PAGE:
The end (of 2020 at least) is near
Hey, whaddya know ... it’s almost December!
Took its damn sweet time getting here, that’s for danged sure.
But sure enough, come Monday, it’ll be all right: The 30th day of November will be nigh, and we can welcome the arrival of the final 31 days of 2020.
I know many of us are still wiping splatter off our monitors from when a family member sitting at our virtual Thanksgiving dinner table asked for someone to pass them the gravy, but it’s time to move onto our year-end traditions.
Christmas, and whatever spelling of Hanukkah you recognize, and Kwanza, and Festivus, and National Ding-A-Ling Day and, of course, Holiday — which is celebrated by Pastafarians when the mood strikes at any time during the month, and carries no obligation to follow any ritualistic ceremony.
That is ... as long as you don the appropriately adorned colander.
Of course, even those whose lone dogmatic belief is the rejection of all dogma are unable to avoid the other tradition that comes at this point in time ... the assessing of the past 365 daze — where we’ve been, where we are, where we’re going.
And who we want to blame for it all.
For 2020 however, that task will be particularly heavy. Holiday letters will no doubt be filled with anecdotes of perseverance and the airing of grievances. Family photo Christmas cards will show socially distant progeny smiling for the camera behind masks depicting messages of hope or trademarked superheroes.
We’re basically 91.666666666 ... ad infinitum% of the way through this wretched year, why would we want to spend the remaining 8.333333333 ... etcetera% recapping the past 334 days of metaphysical kneecapping?
Because, despite ourselves, we are destined to get it out of our systems? Because we owe a duty to the future by spewing 1.5 million words on the remembrance of this past? (Nah, that was only true for Proust.) Or possibly just maybe because it provides us one last chance to howl at the moon?
So, we will reassess, revisit, reevaluate, recall, rewind and regurgitate what we’ve been through to fulfill some intangible duty, garner some invisible checkmark in some ledger of responsibility.
In the wisdom handed down from my father — and, likely, dispensed by his father before him ... ad nauseam — “screw that noise.”
After all, the month ahead provides us not only with National Ding-A-Ling Day (Dec. 12), but National Cookie Day (Dec. 4), Dewey Decimal System Day (Dec. 10) and National Crossword Puzzle Day (Dec. 21).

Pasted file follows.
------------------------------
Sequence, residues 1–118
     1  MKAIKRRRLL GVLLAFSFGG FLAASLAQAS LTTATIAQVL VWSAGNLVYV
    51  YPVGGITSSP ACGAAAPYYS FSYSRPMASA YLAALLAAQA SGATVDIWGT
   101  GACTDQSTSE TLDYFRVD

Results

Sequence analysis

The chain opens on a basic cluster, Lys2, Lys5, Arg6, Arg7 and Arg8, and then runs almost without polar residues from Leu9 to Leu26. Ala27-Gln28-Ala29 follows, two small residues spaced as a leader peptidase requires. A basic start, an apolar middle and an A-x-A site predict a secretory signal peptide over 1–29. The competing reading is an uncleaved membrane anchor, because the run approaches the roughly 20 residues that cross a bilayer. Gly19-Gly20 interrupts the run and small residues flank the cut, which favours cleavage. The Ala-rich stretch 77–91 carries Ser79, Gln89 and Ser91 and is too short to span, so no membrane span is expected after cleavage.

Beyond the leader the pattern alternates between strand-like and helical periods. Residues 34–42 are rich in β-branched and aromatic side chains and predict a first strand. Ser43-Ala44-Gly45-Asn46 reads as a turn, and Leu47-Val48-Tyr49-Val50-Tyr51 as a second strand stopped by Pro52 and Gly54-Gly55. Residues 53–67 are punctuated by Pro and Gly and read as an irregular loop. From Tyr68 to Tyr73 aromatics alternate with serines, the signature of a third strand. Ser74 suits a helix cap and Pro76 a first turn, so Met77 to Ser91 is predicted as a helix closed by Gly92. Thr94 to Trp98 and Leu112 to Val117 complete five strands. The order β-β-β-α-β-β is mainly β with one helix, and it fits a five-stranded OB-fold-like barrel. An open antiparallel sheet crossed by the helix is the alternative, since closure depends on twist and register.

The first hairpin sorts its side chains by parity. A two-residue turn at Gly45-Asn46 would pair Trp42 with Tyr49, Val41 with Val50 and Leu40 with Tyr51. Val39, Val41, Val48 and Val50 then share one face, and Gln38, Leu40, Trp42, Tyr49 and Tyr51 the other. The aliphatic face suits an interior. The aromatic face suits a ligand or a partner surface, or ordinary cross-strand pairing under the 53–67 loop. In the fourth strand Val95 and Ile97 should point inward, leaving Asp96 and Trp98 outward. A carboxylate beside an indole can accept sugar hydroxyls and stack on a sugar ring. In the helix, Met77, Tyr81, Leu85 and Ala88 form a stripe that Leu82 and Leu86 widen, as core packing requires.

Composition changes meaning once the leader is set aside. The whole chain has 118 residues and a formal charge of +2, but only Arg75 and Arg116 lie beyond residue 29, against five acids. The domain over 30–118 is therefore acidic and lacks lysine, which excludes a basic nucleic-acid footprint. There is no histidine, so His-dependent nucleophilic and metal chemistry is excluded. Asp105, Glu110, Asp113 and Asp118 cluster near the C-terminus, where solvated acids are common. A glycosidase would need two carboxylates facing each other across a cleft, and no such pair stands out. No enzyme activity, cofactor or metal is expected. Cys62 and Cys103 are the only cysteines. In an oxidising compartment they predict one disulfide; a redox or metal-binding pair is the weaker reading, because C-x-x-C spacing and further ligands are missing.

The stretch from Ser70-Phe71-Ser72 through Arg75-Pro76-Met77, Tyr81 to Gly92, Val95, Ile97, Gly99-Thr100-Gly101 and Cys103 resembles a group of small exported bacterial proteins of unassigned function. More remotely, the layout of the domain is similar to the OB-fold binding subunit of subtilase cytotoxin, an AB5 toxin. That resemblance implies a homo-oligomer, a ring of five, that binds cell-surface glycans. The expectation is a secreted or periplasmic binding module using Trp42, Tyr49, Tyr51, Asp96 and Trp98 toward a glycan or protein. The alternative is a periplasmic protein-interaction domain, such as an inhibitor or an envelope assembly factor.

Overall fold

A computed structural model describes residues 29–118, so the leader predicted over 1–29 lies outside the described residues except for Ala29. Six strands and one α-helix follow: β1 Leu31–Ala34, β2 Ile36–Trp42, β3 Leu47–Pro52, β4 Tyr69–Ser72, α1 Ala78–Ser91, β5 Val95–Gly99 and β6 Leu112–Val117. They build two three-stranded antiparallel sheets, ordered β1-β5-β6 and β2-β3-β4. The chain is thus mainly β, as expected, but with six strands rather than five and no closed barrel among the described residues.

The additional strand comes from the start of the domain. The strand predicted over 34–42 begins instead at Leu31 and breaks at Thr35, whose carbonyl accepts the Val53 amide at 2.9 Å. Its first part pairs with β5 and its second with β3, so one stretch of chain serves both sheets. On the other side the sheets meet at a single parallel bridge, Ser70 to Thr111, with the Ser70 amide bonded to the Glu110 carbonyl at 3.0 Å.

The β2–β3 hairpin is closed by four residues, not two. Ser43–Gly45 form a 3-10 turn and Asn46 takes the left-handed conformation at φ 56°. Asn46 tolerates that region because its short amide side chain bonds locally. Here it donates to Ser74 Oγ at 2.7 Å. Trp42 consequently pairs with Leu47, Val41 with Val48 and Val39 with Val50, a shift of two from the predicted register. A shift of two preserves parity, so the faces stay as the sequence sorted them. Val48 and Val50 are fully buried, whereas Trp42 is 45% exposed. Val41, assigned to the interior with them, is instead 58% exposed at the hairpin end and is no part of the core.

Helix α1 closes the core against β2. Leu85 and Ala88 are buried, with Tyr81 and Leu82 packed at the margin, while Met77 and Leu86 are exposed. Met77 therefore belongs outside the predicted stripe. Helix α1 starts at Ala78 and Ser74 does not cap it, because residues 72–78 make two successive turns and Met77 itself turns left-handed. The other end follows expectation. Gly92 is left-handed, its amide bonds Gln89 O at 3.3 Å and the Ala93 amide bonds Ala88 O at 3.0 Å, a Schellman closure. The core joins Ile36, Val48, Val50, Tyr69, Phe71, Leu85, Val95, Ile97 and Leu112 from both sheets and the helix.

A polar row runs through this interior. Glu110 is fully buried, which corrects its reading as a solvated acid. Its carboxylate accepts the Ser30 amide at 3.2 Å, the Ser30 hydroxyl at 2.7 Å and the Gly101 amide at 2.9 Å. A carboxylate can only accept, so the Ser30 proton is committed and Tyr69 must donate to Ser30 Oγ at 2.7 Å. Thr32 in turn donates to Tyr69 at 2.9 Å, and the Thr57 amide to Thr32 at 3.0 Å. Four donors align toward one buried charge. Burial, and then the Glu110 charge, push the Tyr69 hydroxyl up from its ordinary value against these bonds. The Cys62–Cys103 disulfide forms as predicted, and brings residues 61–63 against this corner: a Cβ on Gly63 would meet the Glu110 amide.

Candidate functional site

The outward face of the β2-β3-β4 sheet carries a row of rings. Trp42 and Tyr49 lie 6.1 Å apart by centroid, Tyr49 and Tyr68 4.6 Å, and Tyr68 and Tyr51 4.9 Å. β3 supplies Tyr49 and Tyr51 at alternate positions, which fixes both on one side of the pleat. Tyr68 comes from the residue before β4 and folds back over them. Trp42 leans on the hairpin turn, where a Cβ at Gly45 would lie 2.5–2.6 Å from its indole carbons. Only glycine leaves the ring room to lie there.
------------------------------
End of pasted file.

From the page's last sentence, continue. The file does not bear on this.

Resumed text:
Not all of the month’s celebrations make as much sense as those. Some, in fact, leave you trying to think of a three-letter abbreviation for “Were they out of their minds?”
Dec. 13, for example, is National Ice Cream Day. Whose bright idea was it to put a day celebrating Rocky Road and Mint Chocolate Chip just as the weather outside turns frightful ... Australians?
At least ice cream is something worth celebrating — as opposed, say, to National Cat Herders Day, which falls on Dec. 15.
According to the holiday compilers at nationaltoday.com, cat herders should be celebrated because they can “handle life even when it is uncontrollable.”
You ever tried to herd cats? Heck, you ever tried to get one cat to go where you want it to go? Whoever came up with idea, my father (and, likely, his father) would like to have a word with you.
Three words, actually.
National Emo Day on
Dec. 19 got me into trouble last year when I misread it for a day when you were encouraged to tickle teenagers wearing studded belts and listening to Weezer through their earbuds.
I am somewhat looking forward to National Short Girl Appreciation Day which comes on Dec. 21 — which is the date before what we commemorate in this home as National Short Spouse Appreciation Day, otherwise known as her birthday.
And (just in case she’s reading this) there doesn’t need to be a day set aside to appreciate someone who is appreciated ... no, admired ... no, treasured ... every day of the year.
Shut up, Dad.
The other day, we were visited by a friend who, as we sat 8 feet apart from each other to form a socially distant triangle, spoke for so many of us as we reach the time of year for recollections.
Hers was a simple lament — one registered with a mix of exasperation, exhaustion and ennui that perfectly encapsulated 2020 on the cusp of its final month.
“I’m Zoomed out,” she sighed.
It isn’t so much the steady march of the pandemic, or the long road ahead of those who lives were devastated by the fires, or even the continuing stress and strain of an election that divided our hearts and minds.
It’s all of that, and more, occurring during a time that puts constraints on human interaction. The need to congregate, and communicate, without appearing as mini-versions of ourselves on monitors.
“I want a hug,” she said finally, and we wished it was Dec. 8 and had a tardis or DeLorean available so that we properly could celebrate Be A Time Traveler Day by going back to 2019 ... and give her one.
Mail Tribune news editor Robert Galvin eagerly awaits National Bacon Day (Dec. 30) at email@example.com